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Friday, February 17, 2012

Aging Jazzers Catching Up After All These Years.

A few weeks ago, a jazz bassist friend of mine sent me a message on Facebook saying he'd like to catch up. We'd not talked in at least three decades, and it wasn't because we'd had some weird falling out over music or bad behavior on either or both of our parts.

Over the years, my friend, Joe, has become a jazz musician of some prominence in the Free Jazz wing of the art form (also called creative music by insiders). He's lived and played in New York City for a long time. He told me much of his work now happened in Europe, and was about to leave for such a trip a few days after we talked. He's had the great fortune of playing with many luminaries in the Free Jazz world. Joe is a strong player of a challenging instrument; very creative with a distinctive musical voice, and a fearless heart when it comes to exploring sonic possibilities. He's a prolific composer as well. I was fortunate to play with him for the 2 years I did.

So we chatted about our current playing - where and with whom. Joe, was well-acquainted with the music scene in Northampton, as he'd been a part of the UMass Jazz Program in it's golden years. He told me about Cary, the guitar player we worked with in the the late 70's, in a joint project called Quartette, and that he was living and working in Chicago these days. I told him, John, the very talented vibraphonist and composer of the group, was living and working in Hartford. We also talked much of family. He's married and has kids who've blessed him with grand-kids. In that, our lives were similar. We talked as men who've been graced by how life has turned out, including the storms and struggles we'd weathered through on our differing journeys.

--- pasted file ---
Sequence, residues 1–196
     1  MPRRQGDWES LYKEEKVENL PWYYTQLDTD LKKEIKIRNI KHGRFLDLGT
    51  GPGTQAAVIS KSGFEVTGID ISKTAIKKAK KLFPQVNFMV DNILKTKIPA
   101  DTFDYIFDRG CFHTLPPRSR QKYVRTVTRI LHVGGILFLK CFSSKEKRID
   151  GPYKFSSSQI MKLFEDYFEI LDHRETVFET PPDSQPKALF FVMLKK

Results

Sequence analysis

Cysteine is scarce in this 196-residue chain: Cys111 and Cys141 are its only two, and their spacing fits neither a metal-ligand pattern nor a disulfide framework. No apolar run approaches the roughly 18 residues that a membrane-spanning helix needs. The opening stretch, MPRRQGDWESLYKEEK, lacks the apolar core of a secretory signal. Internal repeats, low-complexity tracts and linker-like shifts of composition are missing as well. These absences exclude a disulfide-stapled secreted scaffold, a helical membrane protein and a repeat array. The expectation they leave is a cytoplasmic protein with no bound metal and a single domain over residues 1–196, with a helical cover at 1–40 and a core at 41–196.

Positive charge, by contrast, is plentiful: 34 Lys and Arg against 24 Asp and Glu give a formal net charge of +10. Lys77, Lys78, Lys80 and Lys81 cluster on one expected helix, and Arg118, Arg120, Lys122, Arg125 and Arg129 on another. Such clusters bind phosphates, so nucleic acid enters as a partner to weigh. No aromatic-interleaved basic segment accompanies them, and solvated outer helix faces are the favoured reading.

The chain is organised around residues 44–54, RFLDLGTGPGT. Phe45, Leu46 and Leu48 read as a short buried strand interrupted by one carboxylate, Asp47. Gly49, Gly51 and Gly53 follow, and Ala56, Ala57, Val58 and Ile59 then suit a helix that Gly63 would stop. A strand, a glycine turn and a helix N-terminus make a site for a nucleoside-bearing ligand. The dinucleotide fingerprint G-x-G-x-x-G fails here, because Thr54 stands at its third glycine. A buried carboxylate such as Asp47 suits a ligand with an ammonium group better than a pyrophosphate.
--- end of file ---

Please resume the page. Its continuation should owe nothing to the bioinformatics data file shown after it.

I was struck by the warmth and affection of our conversation after all these years. Not only had we had the shared experience of making creative music together, but we shared the experience of being fathers and grandfathers now in our "mature" years. Ours was a connection of shared values. We'd traveled some decades, faced many challenges, and could still relate at a heart level.

Joe has always been real, refreshingly so. he really is himself, take it or leave it (not arrogantly so). He has an authentic love for his work and the people he's given himself to. There's a certain simplicity to his ways, but underneath a depth and wisdom coming from life pursuing one's heart commitments, and paying the price to do what one loves and believes in. He's always been a humble man, gentle and approachable. The fierceness he expresses comes through his music.

Our phone conversation left me warmed and happy; old friends and creative explorers reconnecting after all these years. We went separate ways since our collaboration, but sharing music for the time we did marked both of us, leaving room for catching up as men should before they grow old - if you get what I mean.
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